Olivier Moréteau (Louisiana State University, Paul M Hebert Law Center)'s 'Catastrophic Harm in United States Law: Liability and Insurance' is forthcoming in the American Journal of Comparative Law. The abstract on SSRN reads:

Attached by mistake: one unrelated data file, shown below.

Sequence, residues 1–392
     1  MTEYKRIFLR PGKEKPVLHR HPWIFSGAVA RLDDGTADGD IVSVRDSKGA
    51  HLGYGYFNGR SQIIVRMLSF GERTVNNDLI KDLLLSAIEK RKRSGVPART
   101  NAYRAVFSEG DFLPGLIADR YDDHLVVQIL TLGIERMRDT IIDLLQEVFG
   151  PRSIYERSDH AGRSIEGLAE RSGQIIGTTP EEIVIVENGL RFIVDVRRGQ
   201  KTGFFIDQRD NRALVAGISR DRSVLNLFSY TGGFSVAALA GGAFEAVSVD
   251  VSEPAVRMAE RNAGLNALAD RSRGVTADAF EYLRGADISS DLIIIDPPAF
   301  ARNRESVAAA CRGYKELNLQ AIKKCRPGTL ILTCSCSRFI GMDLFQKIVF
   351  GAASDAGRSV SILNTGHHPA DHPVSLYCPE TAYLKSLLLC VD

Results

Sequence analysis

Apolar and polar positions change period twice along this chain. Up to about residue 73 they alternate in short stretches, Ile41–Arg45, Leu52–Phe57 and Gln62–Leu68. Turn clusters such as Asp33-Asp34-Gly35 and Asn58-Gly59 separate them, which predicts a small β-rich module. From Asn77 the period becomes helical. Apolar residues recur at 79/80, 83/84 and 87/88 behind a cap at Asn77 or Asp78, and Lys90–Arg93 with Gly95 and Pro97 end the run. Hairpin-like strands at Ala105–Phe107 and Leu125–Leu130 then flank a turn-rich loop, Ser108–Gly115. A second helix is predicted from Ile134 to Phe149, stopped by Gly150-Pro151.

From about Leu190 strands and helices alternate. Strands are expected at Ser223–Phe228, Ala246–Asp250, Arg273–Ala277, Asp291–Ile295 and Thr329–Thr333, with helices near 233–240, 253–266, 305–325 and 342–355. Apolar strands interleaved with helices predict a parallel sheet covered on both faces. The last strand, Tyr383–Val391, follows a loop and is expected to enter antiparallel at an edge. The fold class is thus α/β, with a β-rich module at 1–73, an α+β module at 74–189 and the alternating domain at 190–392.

Catastrophes or disasters may be defined as natural or man-made events of significant magnitude causing disruption such that survivors feel deprived of normal social help. In American law, catastrophic harm includes the mass of individual losses suffered by individuals, businesses, and entities of all kind, also including environmental harm. The Federal Emergency Management Agency (FEMA), created in 1979, coordinates the response to disasters occurring in the United States while it administers prevention and organizes relief efforts. However, the system does not work top-down, since local and state governments bear the initial responsibility as first respondents. Local or state failure can cause the system not to be reactive enough, explaining the slow response after Hurricane Katrina.
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